Over the past 20 years: 4. Patient delay has not decreased

58

56

67

59

Doctor delay has not decreased

56

56

58

56

61

76

75

69

5.

6. five-year survival has not improved

education in reducing the time lag between onset of symptoms and diagnosis is disputed. The hard fact is that there has been no observed change in patient and doctor delay over 20 years (Hackett et alii, 1973). Delay in diagnosis of more than four months occurs in 20% to 50% of patients presenting with symptoms of C.C. (Peltokallio, 1965; Cohen and Davis, 1975; Pheils et alii, 1976). In two-thirds, the delay is due to failure of the patient to recognize the significance of symptoms (either through lack of knowledge, or conscious or subconscious denial), while the remainder are due to failure of the doctor to make the diagnosis and order the appropriate investigations. Approximately 40% of physicians considered that the prognosis of C.C. had improved over the last 20 years. Surgeons and trainees were more correct in AUST.N.Z. J. SURG. V0~.48-No.3,

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assessing the lack of improvement in five-year survival rates. There has been almost no improvement in survival of patients with C.C. in the past 25 years (Bassett and Goulston, 1978). There is now considerable evidence that the risk of C.C. in first-degree relatives is increased fourfold over that in the general population (Lovett, 1976; Dunstone and Knaggs, 1972). However, only 27% of respondents overall indicated a three or four times increased risk i n first-degree relatives (Table 3). TAELE 3 96 % W % Physicians Surgeons Trainees Overall 7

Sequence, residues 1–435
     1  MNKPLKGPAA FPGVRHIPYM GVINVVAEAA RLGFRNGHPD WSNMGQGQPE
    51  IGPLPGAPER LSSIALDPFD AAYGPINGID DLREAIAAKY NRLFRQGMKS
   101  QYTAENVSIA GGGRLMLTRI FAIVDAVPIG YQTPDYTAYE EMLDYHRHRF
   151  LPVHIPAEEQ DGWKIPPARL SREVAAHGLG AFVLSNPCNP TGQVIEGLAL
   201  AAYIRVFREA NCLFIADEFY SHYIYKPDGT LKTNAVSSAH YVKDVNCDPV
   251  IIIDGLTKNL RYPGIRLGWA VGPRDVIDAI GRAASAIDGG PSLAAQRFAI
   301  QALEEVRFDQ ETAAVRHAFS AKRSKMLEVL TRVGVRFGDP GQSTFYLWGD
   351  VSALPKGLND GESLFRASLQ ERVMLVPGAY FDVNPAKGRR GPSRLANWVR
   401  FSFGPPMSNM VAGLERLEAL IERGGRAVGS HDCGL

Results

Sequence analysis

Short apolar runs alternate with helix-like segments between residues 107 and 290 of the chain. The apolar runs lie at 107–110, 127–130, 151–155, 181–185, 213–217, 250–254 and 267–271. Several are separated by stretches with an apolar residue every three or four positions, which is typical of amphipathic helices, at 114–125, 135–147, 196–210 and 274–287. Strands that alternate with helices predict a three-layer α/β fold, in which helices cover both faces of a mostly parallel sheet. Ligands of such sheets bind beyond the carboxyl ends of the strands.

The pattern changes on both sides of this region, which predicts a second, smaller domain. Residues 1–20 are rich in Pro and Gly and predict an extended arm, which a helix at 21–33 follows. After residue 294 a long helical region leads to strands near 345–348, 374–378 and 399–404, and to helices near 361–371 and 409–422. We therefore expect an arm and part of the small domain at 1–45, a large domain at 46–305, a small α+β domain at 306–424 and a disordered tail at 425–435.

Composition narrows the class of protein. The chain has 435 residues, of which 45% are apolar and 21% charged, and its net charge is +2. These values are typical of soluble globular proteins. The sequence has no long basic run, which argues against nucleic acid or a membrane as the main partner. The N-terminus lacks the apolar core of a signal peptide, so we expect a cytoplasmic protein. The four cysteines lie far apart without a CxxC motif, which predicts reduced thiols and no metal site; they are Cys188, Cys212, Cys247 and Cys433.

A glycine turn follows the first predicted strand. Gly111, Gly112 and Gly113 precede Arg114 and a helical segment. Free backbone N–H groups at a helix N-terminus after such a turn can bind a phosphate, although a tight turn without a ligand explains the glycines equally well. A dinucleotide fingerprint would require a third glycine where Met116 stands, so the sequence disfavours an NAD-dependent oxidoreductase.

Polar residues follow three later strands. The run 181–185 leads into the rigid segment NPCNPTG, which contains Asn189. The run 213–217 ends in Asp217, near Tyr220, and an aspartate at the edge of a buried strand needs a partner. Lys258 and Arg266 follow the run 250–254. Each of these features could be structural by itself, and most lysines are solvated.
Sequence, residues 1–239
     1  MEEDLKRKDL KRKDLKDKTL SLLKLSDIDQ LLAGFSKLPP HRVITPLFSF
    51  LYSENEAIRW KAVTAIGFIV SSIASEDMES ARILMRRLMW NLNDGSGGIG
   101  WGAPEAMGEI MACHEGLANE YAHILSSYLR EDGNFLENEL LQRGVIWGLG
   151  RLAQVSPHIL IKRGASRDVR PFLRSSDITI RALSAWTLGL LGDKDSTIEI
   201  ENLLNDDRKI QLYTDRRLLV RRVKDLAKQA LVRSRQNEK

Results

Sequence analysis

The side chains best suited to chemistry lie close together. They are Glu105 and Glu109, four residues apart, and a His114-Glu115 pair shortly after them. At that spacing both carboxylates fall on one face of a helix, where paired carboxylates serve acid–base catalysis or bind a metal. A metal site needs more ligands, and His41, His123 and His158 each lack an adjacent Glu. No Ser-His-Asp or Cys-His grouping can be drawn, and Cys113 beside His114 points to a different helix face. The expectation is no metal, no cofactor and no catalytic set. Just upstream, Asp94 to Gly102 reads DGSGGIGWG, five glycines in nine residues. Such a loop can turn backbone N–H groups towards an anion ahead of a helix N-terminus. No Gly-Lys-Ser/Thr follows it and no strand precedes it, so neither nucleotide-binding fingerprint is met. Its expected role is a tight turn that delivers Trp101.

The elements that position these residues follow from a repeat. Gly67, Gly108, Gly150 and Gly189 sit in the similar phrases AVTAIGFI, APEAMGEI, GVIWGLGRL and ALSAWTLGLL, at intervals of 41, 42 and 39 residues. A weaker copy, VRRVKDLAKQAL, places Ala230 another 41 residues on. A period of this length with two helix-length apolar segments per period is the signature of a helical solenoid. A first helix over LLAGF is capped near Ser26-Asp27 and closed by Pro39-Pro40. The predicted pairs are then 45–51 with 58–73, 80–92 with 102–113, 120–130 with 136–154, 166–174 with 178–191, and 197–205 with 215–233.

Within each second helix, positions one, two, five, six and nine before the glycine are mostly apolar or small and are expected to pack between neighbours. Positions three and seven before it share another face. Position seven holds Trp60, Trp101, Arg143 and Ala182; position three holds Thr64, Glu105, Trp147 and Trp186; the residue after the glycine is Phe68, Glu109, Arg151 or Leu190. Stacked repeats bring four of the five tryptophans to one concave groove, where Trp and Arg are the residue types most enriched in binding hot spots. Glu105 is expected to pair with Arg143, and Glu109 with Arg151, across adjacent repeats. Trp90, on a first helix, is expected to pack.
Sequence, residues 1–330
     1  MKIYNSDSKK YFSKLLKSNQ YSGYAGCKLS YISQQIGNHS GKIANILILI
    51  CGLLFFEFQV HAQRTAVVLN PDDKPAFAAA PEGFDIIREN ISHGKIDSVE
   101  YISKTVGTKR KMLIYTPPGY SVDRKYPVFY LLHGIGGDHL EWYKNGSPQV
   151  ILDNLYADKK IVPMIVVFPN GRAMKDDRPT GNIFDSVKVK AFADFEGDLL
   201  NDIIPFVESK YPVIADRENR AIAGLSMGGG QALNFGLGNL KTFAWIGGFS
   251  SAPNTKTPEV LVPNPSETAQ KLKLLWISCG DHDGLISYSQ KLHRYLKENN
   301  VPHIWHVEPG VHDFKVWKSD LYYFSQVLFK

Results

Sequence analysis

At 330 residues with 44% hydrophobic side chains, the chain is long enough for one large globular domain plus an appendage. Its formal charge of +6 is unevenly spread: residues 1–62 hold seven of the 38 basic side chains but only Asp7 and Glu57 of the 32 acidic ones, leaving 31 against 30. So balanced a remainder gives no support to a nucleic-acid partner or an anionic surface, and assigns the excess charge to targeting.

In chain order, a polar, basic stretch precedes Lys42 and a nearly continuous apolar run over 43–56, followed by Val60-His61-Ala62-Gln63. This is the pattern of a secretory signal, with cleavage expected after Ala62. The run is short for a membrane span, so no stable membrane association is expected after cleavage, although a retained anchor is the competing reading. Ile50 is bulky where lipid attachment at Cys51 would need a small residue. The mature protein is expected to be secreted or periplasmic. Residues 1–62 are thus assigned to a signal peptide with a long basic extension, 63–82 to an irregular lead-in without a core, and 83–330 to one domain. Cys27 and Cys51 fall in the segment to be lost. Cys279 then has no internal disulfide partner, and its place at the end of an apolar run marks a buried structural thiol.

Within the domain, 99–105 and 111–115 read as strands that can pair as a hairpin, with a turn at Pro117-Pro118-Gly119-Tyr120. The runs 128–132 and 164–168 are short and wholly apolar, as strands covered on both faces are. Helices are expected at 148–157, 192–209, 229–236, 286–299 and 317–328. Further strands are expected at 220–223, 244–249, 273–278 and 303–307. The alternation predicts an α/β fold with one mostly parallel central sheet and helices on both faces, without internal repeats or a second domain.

8

Incidence of C C in first degree relatives No response Same as in general population Twice Three times Four times Don't know

3

0

0

2

22 56 17 2 0

24 44 20 12 0

25 25 25 17

8

23 47 19 8 1

Screen relatives

11

12.

8

11

Twenty-three percent of all respondents considered there to be no greater risk in first-degree relatives. This has considerable importance i n history taking and in early detection of C.C. On the other hand, despite the fact that 74% were aware that the risk of C.C. in first-degree relatives is increased over that in the general population, only 11% overall recommended screening of this high-risk group. This may reflect the lack of agreement on the best method of screening. TABLE 4 % % % % Physicians Surgeons Trainees Overall

9. Adenomatous polyps are premalignant

72

88

75

78

10. Malignancy varies with size of polyp

81

80

67

78

11. Would remove 1-cm rectal polyp

78

96

75

84

12. Would submit 1-cm rectal polyp to biopsy

58

28

58

48

13. Would check rest of colon

94

88

92

92

6 6 14 33 17 17 8 0

0 24 12 24 20 16 0 4

8 0 0 42 17 17 17 0

4 11 11 32 18 16 7

14.

Probability of other polyps in colon: No response 5% 10% 20% 30% 40% 60% Don't know